On the approach to the river at the end of River Street, volunteers climbed out of the van to begin collecting trash along the gravel road. The usual debris lined it: glass beer bottles, beer cans, plastic bags, Styrofoam cups and two field-dressed deer carcasses with their antlers and hindquarters removed. That was a sight I won't soon forget.
We loaded our bulging trash bags on the van's trailer until we reached the regional park area. At that point, we transferred the bags into a 30 yard dumpster provided by Benton Parks and Recreation Department. About 21 feet long, 7 feet wide and 5 feet tall, the container was a lifesaver. We could not have cleaned up the entire area without the dumpster.
I was excited when I heard the main target for the BOATR cleanup was at the Saline Crossing area, and anxious to explore the area in search of remnants of its rich history. The Southwest Trail, also known as Military Road, crossed the river at this place. It was the main route for early travelers en route to Texas and other southwestern settlements. Legendary figures such as Sam Houston, Stephen F. Austin and Davy Crockett crossed at the very spot I was now picking up trash.
Soon the river crossing will be a major thoroughfare again. When the proposed 65-mile Southwest Trail System connecting Little Rock and Hot Springs is complete, bicycles and sneakers will be the mode of transportation.
The bikeway will use the original, 1891 Old River Bridge to cross the river. Currently the iron beams, two large trusses and a wooden platform of the structure have been dismantled. They are being restored to once again be used to span the 260-foot river in service of the bike route.
Saline Crossing Regional Park & Recreation Area Inc. has plans to preserve this historic area and establish a significant public river access for visitors.
As I scrambled through underbrush, broken limbs and downed trees picking up trash, my search for evidence of the once thriving town of Saline Crossing proved unsuccessful. The community that vied in the early 1800s to become the county seat was now just a faded memory.
We filled bag after bag of trash and dragged partly burned box springs and other furniture out of the tangle of honeysuckle vines. The dumpster quickly began filling up. A partially burned trash pile included a photo album of cute children. One of the volunteers set the binder aside in hopes of finding its owners.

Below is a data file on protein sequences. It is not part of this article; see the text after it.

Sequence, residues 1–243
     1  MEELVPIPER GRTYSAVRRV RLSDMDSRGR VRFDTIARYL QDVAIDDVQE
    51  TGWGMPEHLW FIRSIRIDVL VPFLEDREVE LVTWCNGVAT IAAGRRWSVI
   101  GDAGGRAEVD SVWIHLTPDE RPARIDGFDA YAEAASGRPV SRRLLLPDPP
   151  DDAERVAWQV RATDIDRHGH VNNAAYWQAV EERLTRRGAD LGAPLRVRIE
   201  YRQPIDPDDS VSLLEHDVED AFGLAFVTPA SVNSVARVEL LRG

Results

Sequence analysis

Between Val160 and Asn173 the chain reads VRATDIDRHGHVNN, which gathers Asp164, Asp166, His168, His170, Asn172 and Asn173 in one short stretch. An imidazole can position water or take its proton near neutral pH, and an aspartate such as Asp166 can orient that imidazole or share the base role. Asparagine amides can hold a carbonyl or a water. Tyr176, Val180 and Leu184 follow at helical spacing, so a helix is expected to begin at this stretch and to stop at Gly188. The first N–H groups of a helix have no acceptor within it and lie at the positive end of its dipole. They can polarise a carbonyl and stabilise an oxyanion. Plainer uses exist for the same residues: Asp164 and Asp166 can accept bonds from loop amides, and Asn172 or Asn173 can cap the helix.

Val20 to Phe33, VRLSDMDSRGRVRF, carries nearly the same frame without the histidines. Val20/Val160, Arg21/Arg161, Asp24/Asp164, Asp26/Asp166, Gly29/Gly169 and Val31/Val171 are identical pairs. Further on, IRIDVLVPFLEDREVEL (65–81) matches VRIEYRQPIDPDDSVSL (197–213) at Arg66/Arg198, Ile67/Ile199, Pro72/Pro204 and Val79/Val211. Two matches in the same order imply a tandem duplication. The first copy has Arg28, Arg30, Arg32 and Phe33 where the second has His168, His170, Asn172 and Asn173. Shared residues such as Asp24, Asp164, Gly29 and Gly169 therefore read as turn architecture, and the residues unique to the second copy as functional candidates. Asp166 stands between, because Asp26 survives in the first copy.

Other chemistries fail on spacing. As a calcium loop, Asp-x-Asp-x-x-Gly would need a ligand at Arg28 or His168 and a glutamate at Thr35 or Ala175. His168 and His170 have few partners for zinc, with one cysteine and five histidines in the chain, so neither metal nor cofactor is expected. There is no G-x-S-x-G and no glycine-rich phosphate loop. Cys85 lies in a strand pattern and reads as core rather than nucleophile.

After a couple of hours of nonstop trash collecting, we came across the largest heap of trash I had seen thus far. I sighed, thinking we would never have time to clean up this massive mess.
Our team set to work, grabber tools a-clicking and gloved hands a-grabbing. We dug another set of box springs out of the bushes, two mattresses, the remains of a rotted sofa, a toilet, a fire extinguisher, a set of broken dishes, various plastic containers, another deer carcass, an unidentified appliance, assorted melted kitchen chairs and tires of all sizes ... along with many pieces of trash I didn't want to get close enough to identify.
Throughout the day, we loaded our collection on the trailer and hauled it to the dumpster. We didn't collect enough garbage to completely fill the enormous container, but we definitely made a difference. I'm sure future park visitors will appreciate our efforts.
We arrived back at Saline River Canoe headquarters in time to greet our river crew members as they floated into the takeout. Doss had several bags of trash stacked at the front of her canoe. Tyler's canoe was loaded with a couple more bags plus a large plastic storage drum.
Tyler hadn't inspected the container's contents. If it held hazardous waste, he wanted to wait until he returned to the shore so it could be disposed of properly. It was heavy and awkward, but we managed to finesse it out of the boat and onto solid ground.
[Gallery not showing? Click here to see photos: arkansasonline.com/1212better]
The group had a running joke that someone had stuffed a body in the barrel. It was definitely heavy enough.
We rolled the barrel up the riverbank, removed the drain plug and tilted the opening over a plastic pan. Whew, it was just river water. Lifting the end of the barrel, we emptied its contents.
"Hey, Conall, you were right," I heard someone exclaim to Conall Plunkett. "There was a body in the barrel."
Chadbourn held up a small red plastic skeleton that had been inside. Everyone had a good laugh.
With the day's cleanup complete, Michael Sacomani rolled out the grill to cook up brats and burgers. The warm food and adult beverages made for a fine end to a productive day.
We had food, drinks and camaraderie. My reward was believing our efforts might bring a smile to the face of those who visit the Saline Crossing area. Maybe, if they see how welcoming the riverbank is without all the trash, they will become better guardians.
Bob Robinson is the author of "Bicycling Guide to the Mississippi River Trail," "Bicycling Guide to Route 66" and "Bicycling Guide to the Lake Michigan Trail."
Gallery: Canoe Club Cleans Up